[This review was originally published for our South by Southwest Film 2012 coverage. It is being re-posted to coincide with the film’s wide release. ]
Everybody knows that Jack Black is known for a specific type of character that he plays, creating a huge distinction between fans and detractors. In Richard Linklater’s Bernie, he dials it back, but is it enough to sway the Jack Black haters? Beyond that, is it enough to even retain those that actually like Jack Black’s particular flavor of comedy?
Director: Richard Linklater
Release Date: April 27, 2012
Bernie Tiede (Jack Black) is a popular, well-liked mortician (or “assistant funeral director,” as he wants to point out) in the small town of Carthage, TX, becoming a huge part of the community by taking part at the church, in community plays, school musicals, etc. After he handles the funeral of a Mr. Nugent, Bernie begins a friendship with the widowed Mrs. Nugent (Shirley MacLaine), who is known to be very stingy and cold to everybody, neighbors and family alike. However, Bernie’s positive disposition is enough to break through her cold demeanor as the two quickly become close, resulting in Bernie becoming both her “travel companion” and financial advisor. However, Mrs. Nugent begins to treat Bernie like crap, culminating in a twist that ends with the Dallas district attorney, Danny Buck Davidson (Matthew McConaughey) to investigate the secret surrounding Bernie.
The film is presented as a traditional narrative with documentary segments mixed in with Carthage residents and Davidson commenting on Bernie, his relationship with Mrs. Nugent, and other gossipy elements. Billed as a comedy, there weren’t many laughs to be found in the film. Actually… there weren’t any at all. Funny enough, this wasn’t because of Jack Black, but of the script itself.
Linklater co-wrote the screenplay with Skip Hollandsworth, which was based on a true story that Hollandsworth wrote a magazine article on in 1998. Because of this, the characters aren’t made to be caricatures of the real people they’re based on. However, I think allowing the cast to exaggerate would have made for a much more interesting film. Instead, the entire film is held back to depict the events as accurately as possible (beyond the typical “movie” sheen), despite the multitude of opportunities for comedic gold. Seriously, is it possible to drop the ball with a film that has Jack Black in a relationship with an 80-year-old widow?!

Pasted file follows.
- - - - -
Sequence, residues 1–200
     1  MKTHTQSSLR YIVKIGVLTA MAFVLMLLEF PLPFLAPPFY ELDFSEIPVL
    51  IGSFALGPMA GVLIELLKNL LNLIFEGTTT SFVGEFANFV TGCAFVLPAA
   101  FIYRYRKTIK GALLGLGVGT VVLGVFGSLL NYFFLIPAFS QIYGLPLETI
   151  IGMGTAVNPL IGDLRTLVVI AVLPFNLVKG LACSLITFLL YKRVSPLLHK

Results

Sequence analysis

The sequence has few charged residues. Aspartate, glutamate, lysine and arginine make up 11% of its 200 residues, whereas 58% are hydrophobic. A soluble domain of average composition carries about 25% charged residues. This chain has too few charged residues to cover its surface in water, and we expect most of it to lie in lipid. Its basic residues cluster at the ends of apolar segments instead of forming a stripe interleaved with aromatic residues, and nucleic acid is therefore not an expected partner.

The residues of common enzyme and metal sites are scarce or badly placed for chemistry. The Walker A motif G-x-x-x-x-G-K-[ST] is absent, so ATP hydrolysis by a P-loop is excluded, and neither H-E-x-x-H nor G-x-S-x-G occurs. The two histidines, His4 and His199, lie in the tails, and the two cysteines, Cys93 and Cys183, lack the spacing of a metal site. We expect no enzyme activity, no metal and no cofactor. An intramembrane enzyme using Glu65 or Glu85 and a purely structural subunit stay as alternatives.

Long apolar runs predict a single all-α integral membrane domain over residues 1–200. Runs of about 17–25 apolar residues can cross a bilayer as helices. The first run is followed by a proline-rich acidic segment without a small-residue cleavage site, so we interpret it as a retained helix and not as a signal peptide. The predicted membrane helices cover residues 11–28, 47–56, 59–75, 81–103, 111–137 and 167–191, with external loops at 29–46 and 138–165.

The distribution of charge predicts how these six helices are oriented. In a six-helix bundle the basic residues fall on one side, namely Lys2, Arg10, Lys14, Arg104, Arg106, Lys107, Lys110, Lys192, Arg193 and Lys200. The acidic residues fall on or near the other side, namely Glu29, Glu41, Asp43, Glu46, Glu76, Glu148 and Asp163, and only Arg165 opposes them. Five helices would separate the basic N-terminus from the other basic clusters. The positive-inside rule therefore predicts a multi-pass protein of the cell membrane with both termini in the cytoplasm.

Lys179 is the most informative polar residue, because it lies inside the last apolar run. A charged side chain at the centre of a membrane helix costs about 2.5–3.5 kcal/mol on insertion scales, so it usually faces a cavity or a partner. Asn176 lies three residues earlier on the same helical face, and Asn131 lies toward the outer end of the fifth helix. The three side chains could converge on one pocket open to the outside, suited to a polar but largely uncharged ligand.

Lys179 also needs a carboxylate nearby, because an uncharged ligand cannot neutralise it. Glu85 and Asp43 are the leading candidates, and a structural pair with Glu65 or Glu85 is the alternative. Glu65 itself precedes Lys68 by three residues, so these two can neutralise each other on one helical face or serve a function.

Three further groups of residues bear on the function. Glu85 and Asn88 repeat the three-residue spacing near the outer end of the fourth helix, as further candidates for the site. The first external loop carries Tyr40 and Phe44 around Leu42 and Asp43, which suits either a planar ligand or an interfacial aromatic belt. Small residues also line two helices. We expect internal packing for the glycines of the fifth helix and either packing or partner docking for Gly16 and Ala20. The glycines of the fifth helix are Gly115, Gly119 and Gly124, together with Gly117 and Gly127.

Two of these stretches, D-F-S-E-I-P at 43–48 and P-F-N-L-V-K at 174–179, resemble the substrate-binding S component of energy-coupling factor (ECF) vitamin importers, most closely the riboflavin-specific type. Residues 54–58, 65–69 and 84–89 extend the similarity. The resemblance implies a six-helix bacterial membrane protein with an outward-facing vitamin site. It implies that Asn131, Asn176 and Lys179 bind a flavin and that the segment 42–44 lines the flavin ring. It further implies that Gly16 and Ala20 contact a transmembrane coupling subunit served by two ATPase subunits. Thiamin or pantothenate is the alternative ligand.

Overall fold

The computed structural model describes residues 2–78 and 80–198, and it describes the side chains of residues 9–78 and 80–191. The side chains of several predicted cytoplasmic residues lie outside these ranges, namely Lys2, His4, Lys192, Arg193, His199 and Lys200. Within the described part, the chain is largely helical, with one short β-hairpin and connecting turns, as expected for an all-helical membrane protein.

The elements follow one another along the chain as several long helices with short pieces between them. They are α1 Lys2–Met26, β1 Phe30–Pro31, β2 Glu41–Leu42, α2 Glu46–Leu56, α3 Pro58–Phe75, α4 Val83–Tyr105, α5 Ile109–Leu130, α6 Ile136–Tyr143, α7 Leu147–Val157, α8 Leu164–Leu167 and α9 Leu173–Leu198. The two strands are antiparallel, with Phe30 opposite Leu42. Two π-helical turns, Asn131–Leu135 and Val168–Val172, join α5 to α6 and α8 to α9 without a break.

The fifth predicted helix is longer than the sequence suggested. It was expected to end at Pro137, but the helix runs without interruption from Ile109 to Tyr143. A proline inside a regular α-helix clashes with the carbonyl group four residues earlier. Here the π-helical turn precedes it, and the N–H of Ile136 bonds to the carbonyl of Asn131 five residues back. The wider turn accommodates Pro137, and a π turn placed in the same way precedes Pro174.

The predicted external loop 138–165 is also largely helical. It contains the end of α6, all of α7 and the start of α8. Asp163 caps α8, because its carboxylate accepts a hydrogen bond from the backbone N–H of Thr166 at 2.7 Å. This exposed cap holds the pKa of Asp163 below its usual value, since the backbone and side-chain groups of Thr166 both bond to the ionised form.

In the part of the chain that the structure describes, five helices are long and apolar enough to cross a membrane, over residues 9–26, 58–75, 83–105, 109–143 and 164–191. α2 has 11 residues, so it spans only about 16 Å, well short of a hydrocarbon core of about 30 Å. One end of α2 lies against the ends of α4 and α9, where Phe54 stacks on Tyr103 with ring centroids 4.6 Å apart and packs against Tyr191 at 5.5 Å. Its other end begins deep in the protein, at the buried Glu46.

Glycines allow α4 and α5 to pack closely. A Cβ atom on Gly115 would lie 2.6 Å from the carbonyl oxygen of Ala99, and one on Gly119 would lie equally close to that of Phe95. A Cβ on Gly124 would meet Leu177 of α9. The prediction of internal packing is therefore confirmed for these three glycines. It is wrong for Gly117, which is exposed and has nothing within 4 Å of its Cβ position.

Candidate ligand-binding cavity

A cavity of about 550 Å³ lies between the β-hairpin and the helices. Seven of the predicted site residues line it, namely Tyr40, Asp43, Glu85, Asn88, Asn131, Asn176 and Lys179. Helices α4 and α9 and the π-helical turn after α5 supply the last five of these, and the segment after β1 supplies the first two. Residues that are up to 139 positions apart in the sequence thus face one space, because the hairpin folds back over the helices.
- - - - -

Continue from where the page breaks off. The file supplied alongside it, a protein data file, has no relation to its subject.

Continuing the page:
Black dials back the typical character he plays to portray Bernie properly, but it’s just not funny. Sure, he has a face that was destined to be laughed at, but there’s nothing funny about his character. What does exist, however, is how empathetic the audience will be of him. He’s an honest-to-god likable character, perhaps even being TOO nice. MacLaine serves as the perfect contrast to Black, as Mrs. Nugent is manipulative and controlling. While McConaughey’s character plays a larger role in the last quarter of the film or so,
Bernie had the makings of a solid comedy with its cast and source material, but it didn’t allow itself to tap into that potential. Despite being billed as a “dark comedy,” it’s a light film with dark elements lacking any true comedy. The film wasn’t that interesting until I found out that it was actually based on a true story, which made me re-think just how absurd and outrageous the real-life Bernie Tiede actually was. I think this is what inspired Linklater to make the film; however, it simply wasn’t enough to make Bernie a good film.
Allistair Pinsof: There are very few Linklater films I don’t like. Bernie, unfortunately, makes this short list a little bit longer. This simple story about a simple killing by a simple man in a simple town is just a bit too, well, simple! Linklater has a knack for telling a story smoothly, as he did with School of Rock and the underrated Me and Orson Welles, which makes him such a valuable director to Hollywood as well as indies. The problem with Bernie is that the story isn’t a very interesting one and the way it is told only makes it more dull. I’m not a fan of fake interviews in non-documentaries, so I already have a lot against the way Bernie is structured. Even more damaging is that you know the entire story before it even finishes. It’s as if Linklater thought this was a great moment in history that audiences would be happy to just see on the big screen, never mind conflict or drama. And, the little conflict and drama there is, is weakened by a lackluster performance from Jack Black — he does comedy well but not drama. — 42, subpar.